Writing a critical analysis about a war in progress is always a risk. But in a long war, such as the one in Iraq, there is a market for such analysis. Tom Ricks, a Pulitzer Prize-winning reporter for The Washington Post has taken a shot at in “Fiasco,” which is his take on Phase IV of Operation Iraqi Freedom.
Phase III, the military defeat and removal of the Saddam Hussein regime, effectively ended on April 9, 2003. Phase IV, Stability and Security Operations in military parlance, goes on today. Mr. Ricks’ look at the situation is a hard and unsparing one.
Although the book is primarily about Phase IV, Mr. Ricks briefly surveys the conflict’s first three phases to include the road to war. The chapter that deals with the sometimes personal conflict between retired Marine Corps general Anthony Zinni and Deputy Defense Secretary Paul Wolfowitz is particularly illuminating.
Gen. Zinni was a believer in the ongoing containment of Iraq that he felt, and still feels, was successful. Mr. Wolfowitz believed that the Hussein regime constituted a cancer that had to be removed. Although he clearly sides with Gen. Zinni, the author goes into some detail explaining how each man reached his respective position, and he does so in a balanced manner. Readers can — and will — draw their own conclusions.
Mr. Ricks believes the war to have been mismanaged at both the strategic and tactical level, and he identifies culprits. He clearly believes that the incompetence and arrogance of Douglas Feith, the former Pentagon policy czar, and Paul Bremer, the American proconsul for the first year of the war, were major causes of the flawed implementation of the occupation.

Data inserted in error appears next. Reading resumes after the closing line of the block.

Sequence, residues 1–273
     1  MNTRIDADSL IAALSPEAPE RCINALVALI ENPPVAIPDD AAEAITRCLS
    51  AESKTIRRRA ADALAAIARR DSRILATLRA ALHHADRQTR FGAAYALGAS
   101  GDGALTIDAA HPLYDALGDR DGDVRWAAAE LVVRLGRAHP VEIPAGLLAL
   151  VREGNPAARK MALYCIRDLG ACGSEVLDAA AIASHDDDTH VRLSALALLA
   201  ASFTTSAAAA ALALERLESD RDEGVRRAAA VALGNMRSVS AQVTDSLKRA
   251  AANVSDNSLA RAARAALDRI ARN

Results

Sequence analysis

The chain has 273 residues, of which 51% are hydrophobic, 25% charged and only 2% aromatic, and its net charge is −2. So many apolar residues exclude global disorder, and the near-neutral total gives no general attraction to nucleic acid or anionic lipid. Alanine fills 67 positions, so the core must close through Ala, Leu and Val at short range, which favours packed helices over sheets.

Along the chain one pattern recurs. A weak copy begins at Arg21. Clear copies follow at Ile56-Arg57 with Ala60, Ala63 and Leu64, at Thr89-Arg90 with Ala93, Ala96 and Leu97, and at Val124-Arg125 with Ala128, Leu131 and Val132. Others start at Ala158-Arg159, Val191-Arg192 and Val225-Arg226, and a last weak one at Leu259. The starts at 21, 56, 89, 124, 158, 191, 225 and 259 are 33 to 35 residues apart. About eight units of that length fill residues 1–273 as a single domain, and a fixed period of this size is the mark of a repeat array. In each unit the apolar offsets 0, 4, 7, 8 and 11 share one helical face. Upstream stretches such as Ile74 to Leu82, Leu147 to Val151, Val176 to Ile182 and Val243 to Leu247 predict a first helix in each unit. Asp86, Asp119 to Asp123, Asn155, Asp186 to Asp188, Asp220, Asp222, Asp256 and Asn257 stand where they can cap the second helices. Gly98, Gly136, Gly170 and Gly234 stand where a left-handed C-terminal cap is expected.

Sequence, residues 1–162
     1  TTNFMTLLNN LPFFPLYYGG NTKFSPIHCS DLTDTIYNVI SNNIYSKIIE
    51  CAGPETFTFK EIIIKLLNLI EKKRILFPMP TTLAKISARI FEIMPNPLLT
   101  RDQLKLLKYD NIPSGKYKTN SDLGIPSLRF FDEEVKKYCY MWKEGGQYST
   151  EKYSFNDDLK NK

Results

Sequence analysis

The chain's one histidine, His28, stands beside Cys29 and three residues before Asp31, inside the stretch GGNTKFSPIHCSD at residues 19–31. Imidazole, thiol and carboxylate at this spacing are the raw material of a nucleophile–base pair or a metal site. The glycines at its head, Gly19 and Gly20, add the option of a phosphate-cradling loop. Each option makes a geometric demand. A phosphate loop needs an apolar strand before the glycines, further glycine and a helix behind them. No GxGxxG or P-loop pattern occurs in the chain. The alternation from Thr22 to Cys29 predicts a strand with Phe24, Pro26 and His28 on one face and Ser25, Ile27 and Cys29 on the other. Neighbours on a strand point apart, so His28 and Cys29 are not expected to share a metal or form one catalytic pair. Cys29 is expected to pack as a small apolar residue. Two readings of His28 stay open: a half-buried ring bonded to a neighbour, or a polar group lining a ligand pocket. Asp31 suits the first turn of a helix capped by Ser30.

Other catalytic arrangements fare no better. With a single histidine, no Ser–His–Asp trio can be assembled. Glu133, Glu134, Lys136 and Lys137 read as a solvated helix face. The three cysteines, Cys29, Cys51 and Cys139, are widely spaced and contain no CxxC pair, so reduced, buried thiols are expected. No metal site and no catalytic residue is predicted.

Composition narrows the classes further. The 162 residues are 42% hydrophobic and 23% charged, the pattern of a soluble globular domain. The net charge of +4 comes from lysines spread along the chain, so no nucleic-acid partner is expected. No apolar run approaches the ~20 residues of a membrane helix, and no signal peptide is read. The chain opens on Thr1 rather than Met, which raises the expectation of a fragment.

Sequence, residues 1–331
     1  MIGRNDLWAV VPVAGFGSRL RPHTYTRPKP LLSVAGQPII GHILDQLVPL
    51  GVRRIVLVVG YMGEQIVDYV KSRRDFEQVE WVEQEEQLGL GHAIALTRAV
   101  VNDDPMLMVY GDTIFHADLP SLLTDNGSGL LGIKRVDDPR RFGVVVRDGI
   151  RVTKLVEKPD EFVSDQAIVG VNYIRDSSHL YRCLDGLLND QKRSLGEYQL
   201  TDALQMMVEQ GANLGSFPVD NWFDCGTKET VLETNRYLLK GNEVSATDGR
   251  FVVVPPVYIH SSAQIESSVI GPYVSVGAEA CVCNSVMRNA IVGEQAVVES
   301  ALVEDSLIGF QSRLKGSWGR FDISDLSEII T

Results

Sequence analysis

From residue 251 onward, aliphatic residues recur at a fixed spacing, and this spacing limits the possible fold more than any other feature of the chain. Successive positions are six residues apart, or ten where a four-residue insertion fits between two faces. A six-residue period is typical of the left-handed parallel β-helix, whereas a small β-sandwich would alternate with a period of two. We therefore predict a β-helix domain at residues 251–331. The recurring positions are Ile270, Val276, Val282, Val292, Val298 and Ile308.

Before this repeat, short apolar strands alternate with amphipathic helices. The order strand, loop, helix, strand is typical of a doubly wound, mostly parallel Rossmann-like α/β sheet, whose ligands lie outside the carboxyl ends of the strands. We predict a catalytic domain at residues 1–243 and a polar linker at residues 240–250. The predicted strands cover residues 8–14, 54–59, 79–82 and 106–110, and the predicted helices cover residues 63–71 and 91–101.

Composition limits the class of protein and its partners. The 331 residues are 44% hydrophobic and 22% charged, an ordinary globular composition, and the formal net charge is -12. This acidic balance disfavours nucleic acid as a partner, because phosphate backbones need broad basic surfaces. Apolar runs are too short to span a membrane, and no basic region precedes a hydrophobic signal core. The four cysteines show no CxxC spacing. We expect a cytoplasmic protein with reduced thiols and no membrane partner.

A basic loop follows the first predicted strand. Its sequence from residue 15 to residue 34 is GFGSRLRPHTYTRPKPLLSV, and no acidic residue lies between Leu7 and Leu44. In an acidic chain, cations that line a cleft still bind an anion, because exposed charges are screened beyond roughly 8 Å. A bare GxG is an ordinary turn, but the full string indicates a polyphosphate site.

In fairness to Mr. Bremer, Mr. Ricks points out that the division of command responsibilities for the occupation may have made the job impossible; but the author does not let Mr. Bremer off the hook for his disastrous decisions to disband the Iraqi army and fire key Ba’athist technocrats in the ministries without proper replacements.
Mr. Ricks flatly accuses Gen. Tommy Franks of abrogating his command responsibilities following the fall of Baghdad by concentrating on his transition to retirement at a time when strong guidance was sorely needed.
Nor is the author sparing of media colleagues. Judith Miller, another Pulitzer Prize winner, comes under particularly harsh fire for misuse of sources and shoddy fact checking. If the Valerie Plame affair crippled her career, this book may put it out of its misery entirely.
At the operational level, Mr. Ricks does not let senior military leaders off the hook for ineptitude in conducting counterinsurgency operations. Lt. Gen. Ricardo Sanchez, the overall commander during the first year of the war, gets poor grades for micromanaging tactics without giving his subordinates clear commander’s intent statements regarding the strategic and operational objectives.
Maj. Gen. (now Lt. Gen.) Ray Odierno comes under very harsh criticism for creating more insurgents than he killed through his division’s iron-fisted handling of the civilian population. It was Maj. Gen. Odierno’s troops who captured Saddam, and Mr. Ricks credits him for that. The author is also harsh with the military system as a whole, which refused to prepare for counter-insurgency in the wake of Vietnam, a war that the system chose to forget rather than to learn from.
The book does have heroes, however. Lt. Gens. Jim Mattis, Dave Patraeus and Marty Dempsey get high marks for mentally adapting to the insurgency. Because all three are still involved, he has some optimism that they can lead to better operations in the future.
Mr. Ricks sees the individual soldiers and marines as real heroes and generally writes off many tactical problems to lack of proper leadership from their seniors. He clearly believes that they have been more adaptive than the senior Pentagon leadership and many of their generals.
Readers who are not familiar with the timeline of major events, or those obsessed with linear thinking, may find themselves somewhat put off. Although his book is roughly chronological, Mr. Ricks tends to lump things into subject areas and some events get revisited. This is not history, but it is good analysis. He has a good ear for dialogue and lets the characters tell their stories.
Opponents of the war and the administration will like the book, and many of the author’s conclusions will likely not go down well with the White House or the Pentagon. However, I could find no factual errors in those parts where I have detailed knowledge. Like it or hate it, the book is a good read.
Gary Anderson is a retired Marine Corps officer who has advised the Pentagon on counter-insurgency matters.